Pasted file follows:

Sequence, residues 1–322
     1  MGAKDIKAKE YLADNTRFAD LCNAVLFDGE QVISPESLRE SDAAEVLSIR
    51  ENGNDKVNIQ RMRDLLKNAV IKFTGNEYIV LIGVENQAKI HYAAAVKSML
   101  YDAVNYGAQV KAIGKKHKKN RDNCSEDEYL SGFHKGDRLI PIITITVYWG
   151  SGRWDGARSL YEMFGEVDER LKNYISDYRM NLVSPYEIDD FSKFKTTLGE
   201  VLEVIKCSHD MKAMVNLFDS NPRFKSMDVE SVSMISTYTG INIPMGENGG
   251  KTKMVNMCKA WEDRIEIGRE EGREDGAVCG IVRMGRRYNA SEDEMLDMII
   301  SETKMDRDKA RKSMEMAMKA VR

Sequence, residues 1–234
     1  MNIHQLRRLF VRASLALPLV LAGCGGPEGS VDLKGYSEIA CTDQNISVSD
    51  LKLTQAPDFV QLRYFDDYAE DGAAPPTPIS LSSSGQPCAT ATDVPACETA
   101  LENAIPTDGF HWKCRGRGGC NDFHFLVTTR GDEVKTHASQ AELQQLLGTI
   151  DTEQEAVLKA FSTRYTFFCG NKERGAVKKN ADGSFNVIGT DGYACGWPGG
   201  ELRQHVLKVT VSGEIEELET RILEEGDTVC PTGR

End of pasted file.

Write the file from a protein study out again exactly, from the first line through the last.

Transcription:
Sequence, residues 1–322
     1  MGAKDIKAKE YLADNTRFAD LCNAVLFDGE QVISPESLRE SDAAEVLSIR
    51  ENGNDKVNIQ RMRDLLKNAV IKFTGNEYIV LIGVENQAKI HYAAAVKSML
   101  YDAVNYGAQV KAIGKKHKKN RDNCSEDEYL SGFHKGDRLI PIITITVYWG
   151  SGRWDGARSL YEMFGEVDER LKNYISDYRM NLVSPYEIDD FSKFKTTLGE
   201  VLEVIKCSHD MKAMVNLFDS NPRFKSMDVE SVSMISTYTG INIPMGENGG
   251  KTKMVNMCKA WEDRIEIGRE EGREDGAVCG IVRMGRRYNA SEDEMLDMII
   301  SETKMDRDKA RKSMEMAMKA VR

Sequence, residues 1–234
     1  MNIHQLRRLF VRASLALPLV LAGCGGPEGS VDLKGYSEIA CTDQNISVSD
    51  LKLTQAPDFV QLRYFDDYAE DGAAPPTPIS LSSSGQPCAT ATDVPACETA
   101  LENAIPTDGF HWKCRGRGGC NDFHFLVTTR GDEVKTHASQ AELQQLLGTI
   151  DTEQEAVLKA FSTRYTFFCG NKERGAVKKN ADGSFNVIGT DGYACGWPGG
   201  ELRQHVLKVT VSGEIEELET RILEEGDTVC PTGR